2) Early-mid 2nd millennium BCE: Cuneiform records of Old-Babylonian divinatory "protasis-and-apodosis" omen collections, inferring causal connections between all sorts of earthly events (especially the appearance of the livers of sacrificed animals) and all sorts of predicted consequences. There is AFAIK no trace of any coherent divinatory system of predicting native characteristics from birth season.

3) In the same period or a little later: Appearance of fragmentary records of celestial omens inferring causal connections between astronomical phenomena and major earthly events affecting entire regions and states. These events are considered to be divine messages from the gods associated with the astronomical bodies involved. They are Big News and not interpreted as applicable to the individual fate of just any old Joe Beles-sunu.

4) Around the end of the second millennium: First surviving complete celestial omen connections, containing entire systems of such predictions for states and regions from celestial events. This is a massive state-sponsored enterprise(s), and includes increasingly sophisticated mathematical models of astronomical phenomena and their cycles.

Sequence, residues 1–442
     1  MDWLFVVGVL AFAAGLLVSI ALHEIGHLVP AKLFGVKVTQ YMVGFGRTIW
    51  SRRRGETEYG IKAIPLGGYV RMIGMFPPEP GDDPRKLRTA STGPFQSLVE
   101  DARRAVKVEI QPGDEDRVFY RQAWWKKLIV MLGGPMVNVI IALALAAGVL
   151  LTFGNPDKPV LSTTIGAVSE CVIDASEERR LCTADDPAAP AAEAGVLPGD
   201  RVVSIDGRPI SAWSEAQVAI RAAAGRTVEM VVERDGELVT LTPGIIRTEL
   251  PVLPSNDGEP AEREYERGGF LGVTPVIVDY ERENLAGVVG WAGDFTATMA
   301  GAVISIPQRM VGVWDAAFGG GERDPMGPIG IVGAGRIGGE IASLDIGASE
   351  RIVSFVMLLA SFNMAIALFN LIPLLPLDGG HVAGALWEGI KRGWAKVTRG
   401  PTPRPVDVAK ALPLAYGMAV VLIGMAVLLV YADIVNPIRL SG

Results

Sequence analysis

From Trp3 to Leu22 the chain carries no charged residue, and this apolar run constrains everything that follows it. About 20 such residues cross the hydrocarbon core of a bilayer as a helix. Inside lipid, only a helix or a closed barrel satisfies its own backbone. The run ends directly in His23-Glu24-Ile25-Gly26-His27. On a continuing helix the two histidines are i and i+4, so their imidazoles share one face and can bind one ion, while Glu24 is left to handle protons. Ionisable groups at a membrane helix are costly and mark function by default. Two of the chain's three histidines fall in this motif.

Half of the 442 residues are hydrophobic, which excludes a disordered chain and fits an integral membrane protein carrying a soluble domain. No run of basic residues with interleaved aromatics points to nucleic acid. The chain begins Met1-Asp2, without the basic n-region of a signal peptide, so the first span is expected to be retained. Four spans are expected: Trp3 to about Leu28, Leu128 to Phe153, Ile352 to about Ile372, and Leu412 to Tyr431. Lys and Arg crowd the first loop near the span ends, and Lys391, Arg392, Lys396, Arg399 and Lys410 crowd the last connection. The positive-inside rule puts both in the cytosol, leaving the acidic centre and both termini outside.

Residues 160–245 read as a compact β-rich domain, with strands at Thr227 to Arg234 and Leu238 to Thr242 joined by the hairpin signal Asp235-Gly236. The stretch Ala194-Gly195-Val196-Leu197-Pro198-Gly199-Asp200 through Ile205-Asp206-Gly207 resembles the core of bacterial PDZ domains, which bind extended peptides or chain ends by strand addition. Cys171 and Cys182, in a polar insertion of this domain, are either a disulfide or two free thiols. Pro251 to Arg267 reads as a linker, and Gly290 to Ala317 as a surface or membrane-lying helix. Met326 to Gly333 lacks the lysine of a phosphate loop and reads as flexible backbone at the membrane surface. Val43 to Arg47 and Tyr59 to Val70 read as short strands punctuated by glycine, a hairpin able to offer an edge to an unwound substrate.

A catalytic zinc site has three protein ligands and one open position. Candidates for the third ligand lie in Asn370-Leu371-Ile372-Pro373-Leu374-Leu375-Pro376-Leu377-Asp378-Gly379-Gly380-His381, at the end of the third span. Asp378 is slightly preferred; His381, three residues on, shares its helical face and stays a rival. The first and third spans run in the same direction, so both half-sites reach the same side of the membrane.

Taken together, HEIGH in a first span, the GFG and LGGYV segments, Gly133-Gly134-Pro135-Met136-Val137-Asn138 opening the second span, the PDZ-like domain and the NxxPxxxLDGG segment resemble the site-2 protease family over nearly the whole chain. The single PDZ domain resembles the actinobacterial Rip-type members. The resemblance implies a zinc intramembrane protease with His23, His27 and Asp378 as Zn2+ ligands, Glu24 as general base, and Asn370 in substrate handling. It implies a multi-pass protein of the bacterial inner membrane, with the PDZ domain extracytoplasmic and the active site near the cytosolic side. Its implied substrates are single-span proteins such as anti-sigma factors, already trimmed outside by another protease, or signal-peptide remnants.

5) About the middle of the first millennium BCE: Increasingly accurate mathematical astronomy models integrating the cyclical motions of all the known heavenly bodies, still accompanied by detailed ominous interpretation of their phenomena. (It may seem paradoxical to us that even as Babylonian scientists of the period determined ever more mathematically predictable and non-random models for celestial motions, they continued to interpret them as omens, i.e., deliberate messages from the gods about specific state circumstances. But in practice, that just made their presumed future-predicting capabilities more impressive and influential.)

6) Mid-first millennium BCE: Achaemenid Empire conquers Babylonia and turns it into imperial satrapy. State interest in (and financial support for) interpreting "celestial messages" from Babylonian deities sharply decreases.

7) Mid- to late first millennium BCE up to first century CE: Continuing mathematical refinement of astronomical systems by temple scientists. Emergence of the practice of casting individual birth horoscopes, using many of the same astronomical models, "protasis" phenomena, and computational techniques employed for the previous state-based ominous interpretations of predicted and/or observed celestial events.